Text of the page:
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General News | Nov 19, 2004

Govt urged to pursue pragmatic agriculture programmes

GNA

Kumasi, Nov. 19, GNA - An Economist has suggested to government to institute and pursue more pragmatic programmes, designed to encourage Ghanaian agriculturalists to shift their focus from conventional farming, to organic farming.

Mr George Mensah Kporye, Managing Director of Paradise Farms, who made the suggestion said, as part of such programmes, government should come out with incentive packages for those who venture into organic farming as well as measures that would help minimise the risk in organic farming.

Mr Kporye made the suggestion when he delivered a lecture on "Challenges of Organically Produced Horticultural Crops", at a national public lecture, organised by the Ghana Institute of Horticulturists (GHIH), in Kumasi on Thursday.

The lecture, which is the third in a series to be held in the Ashanti Region by the GHIH, is designed to enlighten the public more about the horticultural profession.

He made it clear that the fast rate at which consumers taste were shifting from conventional foods and products to organically grown foods, were ample indication that, organic farming will in the near future dominate the agricultural sector, thereby replacing conventional farming.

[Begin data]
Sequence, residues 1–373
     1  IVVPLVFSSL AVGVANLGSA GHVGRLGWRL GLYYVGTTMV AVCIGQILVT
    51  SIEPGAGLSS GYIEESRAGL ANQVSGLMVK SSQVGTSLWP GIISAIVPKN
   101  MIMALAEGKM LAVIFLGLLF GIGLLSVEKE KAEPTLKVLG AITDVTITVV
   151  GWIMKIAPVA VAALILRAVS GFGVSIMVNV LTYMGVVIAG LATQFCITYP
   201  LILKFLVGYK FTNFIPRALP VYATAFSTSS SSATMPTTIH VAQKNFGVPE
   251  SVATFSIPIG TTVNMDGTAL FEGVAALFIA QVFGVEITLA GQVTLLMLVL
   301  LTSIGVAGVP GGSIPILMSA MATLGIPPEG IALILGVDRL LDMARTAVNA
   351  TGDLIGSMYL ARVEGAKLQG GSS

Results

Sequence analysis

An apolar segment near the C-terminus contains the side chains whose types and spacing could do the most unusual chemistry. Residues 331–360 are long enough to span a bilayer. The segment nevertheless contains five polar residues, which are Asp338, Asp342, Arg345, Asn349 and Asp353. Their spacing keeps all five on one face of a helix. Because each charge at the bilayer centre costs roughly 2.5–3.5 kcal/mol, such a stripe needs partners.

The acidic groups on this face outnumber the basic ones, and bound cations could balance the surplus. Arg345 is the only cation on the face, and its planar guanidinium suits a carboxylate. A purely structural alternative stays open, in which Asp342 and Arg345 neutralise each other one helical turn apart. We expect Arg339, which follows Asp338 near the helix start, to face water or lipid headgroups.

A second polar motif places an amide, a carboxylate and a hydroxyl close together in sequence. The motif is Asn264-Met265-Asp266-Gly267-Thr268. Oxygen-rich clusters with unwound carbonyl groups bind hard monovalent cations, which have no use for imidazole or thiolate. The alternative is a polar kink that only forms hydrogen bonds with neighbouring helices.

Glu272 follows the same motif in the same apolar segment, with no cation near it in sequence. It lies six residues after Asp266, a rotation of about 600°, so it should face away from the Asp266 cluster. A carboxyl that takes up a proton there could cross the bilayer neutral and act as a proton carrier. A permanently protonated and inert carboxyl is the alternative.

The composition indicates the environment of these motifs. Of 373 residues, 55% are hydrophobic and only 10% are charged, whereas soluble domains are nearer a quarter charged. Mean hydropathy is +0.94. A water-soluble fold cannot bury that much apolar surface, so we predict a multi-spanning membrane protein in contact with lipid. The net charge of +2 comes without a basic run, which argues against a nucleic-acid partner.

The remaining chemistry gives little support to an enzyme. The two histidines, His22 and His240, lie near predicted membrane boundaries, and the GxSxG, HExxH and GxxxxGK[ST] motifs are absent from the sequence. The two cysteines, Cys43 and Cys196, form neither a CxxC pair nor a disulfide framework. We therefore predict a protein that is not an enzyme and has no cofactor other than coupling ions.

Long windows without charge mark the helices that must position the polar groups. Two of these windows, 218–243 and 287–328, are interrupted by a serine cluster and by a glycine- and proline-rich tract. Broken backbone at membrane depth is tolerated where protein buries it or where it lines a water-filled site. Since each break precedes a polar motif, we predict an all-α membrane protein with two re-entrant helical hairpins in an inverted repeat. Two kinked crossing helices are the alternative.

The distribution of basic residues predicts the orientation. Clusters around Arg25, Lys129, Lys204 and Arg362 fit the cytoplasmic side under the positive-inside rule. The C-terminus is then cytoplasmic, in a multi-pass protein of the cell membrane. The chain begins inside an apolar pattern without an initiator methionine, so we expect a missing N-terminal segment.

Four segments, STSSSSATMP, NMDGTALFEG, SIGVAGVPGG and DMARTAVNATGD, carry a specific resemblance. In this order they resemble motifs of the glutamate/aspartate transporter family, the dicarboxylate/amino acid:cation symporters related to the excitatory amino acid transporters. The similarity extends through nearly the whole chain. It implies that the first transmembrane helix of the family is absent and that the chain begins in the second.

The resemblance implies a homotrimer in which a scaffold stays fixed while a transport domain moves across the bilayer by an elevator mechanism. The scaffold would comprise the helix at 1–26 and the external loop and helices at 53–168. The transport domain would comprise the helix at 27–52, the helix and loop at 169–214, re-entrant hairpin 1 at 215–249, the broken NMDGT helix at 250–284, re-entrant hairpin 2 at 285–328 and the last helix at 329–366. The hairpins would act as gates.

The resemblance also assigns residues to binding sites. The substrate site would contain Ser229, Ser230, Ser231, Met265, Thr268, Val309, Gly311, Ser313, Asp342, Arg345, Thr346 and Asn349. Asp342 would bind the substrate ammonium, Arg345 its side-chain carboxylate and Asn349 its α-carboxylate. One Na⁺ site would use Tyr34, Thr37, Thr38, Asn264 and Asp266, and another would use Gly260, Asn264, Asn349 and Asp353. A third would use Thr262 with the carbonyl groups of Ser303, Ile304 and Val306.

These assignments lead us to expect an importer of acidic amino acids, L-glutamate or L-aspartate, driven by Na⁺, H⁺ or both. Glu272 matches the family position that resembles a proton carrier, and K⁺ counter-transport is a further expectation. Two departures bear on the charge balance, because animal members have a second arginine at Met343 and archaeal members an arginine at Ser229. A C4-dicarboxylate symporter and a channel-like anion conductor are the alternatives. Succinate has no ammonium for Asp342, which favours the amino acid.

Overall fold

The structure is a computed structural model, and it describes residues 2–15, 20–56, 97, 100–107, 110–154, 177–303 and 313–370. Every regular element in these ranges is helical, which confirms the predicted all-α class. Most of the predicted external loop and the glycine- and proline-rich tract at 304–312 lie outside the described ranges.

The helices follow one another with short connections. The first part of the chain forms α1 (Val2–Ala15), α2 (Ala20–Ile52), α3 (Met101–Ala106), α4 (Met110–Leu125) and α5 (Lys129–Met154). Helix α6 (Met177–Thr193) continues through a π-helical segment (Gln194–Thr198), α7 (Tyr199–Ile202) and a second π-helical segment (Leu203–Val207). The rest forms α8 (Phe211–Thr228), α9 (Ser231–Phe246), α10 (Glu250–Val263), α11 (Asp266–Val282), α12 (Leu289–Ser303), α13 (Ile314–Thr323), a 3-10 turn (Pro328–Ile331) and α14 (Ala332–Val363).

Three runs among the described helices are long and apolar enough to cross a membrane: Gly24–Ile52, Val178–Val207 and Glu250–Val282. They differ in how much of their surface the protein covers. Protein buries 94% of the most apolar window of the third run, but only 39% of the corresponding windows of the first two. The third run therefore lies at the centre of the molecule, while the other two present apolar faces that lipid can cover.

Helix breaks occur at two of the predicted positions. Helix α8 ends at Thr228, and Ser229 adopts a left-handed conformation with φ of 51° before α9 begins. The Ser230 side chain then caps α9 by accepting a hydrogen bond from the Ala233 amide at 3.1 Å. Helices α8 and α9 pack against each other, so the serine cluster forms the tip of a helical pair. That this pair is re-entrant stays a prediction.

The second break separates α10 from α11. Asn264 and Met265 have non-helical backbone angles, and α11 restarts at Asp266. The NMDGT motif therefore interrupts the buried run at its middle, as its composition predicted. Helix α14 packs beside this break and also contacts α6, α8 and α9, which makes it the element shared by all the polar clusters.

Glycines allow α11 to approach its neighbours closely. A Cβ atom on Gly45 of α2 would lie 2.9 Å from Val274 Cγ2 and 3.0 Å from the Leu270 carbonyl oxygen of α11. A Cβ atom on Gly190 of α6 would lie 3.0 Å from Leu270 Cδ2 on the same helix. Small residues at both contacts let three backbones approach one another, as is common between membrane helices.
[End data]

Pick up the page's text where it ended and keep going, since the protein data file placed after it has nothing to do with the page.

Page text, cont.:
Mr Kporye was not happy that, only few organic non-governmental organisations existed in the country and whose activities seem not to have caught up with local farmers.

He stressed the need for measures that would create a conducive environment, to encourage the establishment of more organic NGOs, who should embark on sustained campaign programmes not just in the urban centres, but more importantly in the rural areas, on the importance of organic farming.

Mr Kporye said the organic NGOs should not just confine themselves to only awareness creation through campaigns, but also strive to supply literature on the production and consumption of organic foods, as well as planting materials for organic farming.

He disagreed that, organic farming was mainly a return to traditional method of agriculture, saying contrary to this perception organic farming combines traditional methods and modern technology in its execution.

Dr. (Mrs) N.S. Olympio, a council member of the GHIH, said, in view of the important role horticultural crops now play on the local and global market, the GHIH had embarked on a vigorous campaign programme to educate people about the relevance and value of venturing into organic farming.

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